FDA not getting information on potentially risky drugs, report says

Drugmakers are not providing enough information to the U.S. Food and Drug Administration about how patients and providers are using some of the riskiest drugs on the market, according to a report from the Office of Inspector General of the Department of Health and Human Services.

The FDA is under supervision of HHS. The report was released Wednesday and a link to the full report is here.

The report was done to assess how the FDA is handling what are called Risk Evaluation and Mitigation Strategies (REMS), which are supposed to check on whether potentially-dangerous drugs are actually doing what they are supposed to do after the FDA approves them.

The REMS can include checking on results, producing brochures to warn patients about side effects, limit which hospitals and pharmacies get especially dangerous drugs and special training for doctors.

If the drug is not doing what it is supposed to do - causing death or injury, for example - then the drug could be pulled.

Federal law also authorizes the FDA to require a REMS and enforce the production of that strategy.

But the report highlighted a key flaw in the law:

"The FDA does not have the authority to take enforcement actions against sponsors [drug companies] that do not include all information requested in FDA assessment plans," the report said.

So the drugmaker might have to file a report, but perhaps not a complete report. And there is no requirement on meeting a deadline. If a company gets the drug approved and is generating revenue, there is no financial incentive to hurry to complete a report that might have bad news and eventually lead to limits or a recall of the drug.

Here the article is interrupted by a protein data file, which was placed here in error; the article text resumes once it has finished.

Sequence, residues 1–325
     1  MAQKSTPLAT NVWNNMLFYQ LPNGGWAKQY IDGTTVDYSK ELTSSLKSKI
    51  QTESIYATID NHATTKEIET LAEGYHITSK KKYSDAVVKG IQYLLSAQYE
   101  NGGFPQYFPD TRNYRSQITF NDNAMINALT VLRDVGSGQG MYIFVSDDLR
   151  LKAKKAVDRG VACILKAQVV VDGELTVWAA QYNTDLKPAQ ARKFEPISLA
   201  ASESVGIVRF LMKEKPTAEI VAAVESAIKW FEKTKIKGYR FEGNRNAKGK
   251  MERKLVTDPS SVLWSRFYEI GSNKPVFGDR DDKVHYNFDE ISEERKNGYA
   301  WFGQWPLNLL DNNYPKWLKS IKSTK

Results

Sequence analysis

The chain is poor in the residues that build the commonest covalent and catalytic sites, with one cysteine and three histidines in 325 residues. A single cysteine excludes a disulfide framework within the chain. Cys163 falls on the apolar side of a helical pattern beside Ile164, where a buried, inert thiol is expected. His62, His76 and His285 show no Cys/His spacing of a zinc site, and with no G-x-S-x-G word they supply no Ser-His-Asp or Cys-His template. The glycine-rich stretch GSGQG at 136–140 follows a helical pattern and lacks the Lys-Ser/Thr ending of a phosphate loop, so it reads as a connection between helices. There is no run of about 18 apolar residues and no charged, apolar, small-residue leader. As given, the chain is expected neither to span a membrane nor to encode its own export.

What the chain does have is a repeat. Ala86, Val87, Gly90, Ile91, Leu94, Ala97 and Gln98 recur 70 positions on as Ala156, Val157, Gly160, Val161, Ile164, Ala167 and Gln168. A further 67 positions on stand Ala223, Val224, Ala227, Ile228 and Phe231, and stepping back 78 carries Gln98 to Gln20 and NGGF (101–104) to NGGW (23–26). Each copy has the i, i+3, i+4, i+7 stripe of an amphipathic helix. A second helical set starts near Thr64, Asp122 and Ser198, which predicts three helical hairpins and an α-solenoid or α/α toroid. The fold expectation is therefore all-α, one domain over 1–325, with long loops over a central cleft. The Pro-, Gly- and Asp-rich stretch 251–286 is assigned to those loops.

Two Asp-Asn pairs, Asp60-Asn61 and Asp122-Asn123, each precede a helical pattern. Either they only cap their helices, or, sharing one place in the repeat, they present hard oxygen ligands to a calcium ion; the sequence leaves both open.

"If the FDA does not have comprehensive data to monitor the performance of REMS," the report said, "it cannot ensure that the public is provided maximum protection from a drug's known or potential risk."

While the report noted how the FDA is hamstrung by the parts of the law, it also criticized the agency for not completing its assessments of the drugmakers' plans in a more timely fashion.

The FDA agreed with most of the OIG's recommendations, but did not really respond to the suggestion that it push Congress to give it more authority. (Another sign of Congressional gridlock.)

"Pharmaceutical risk management is a relatively new and emerging scientific discipline. Accordingly regulatory experience with pharmaceutical risk management is also evolving" Peter Lurie, the FDA's acting associate commissioner for policy and planning, wrote in a response that was included in the report.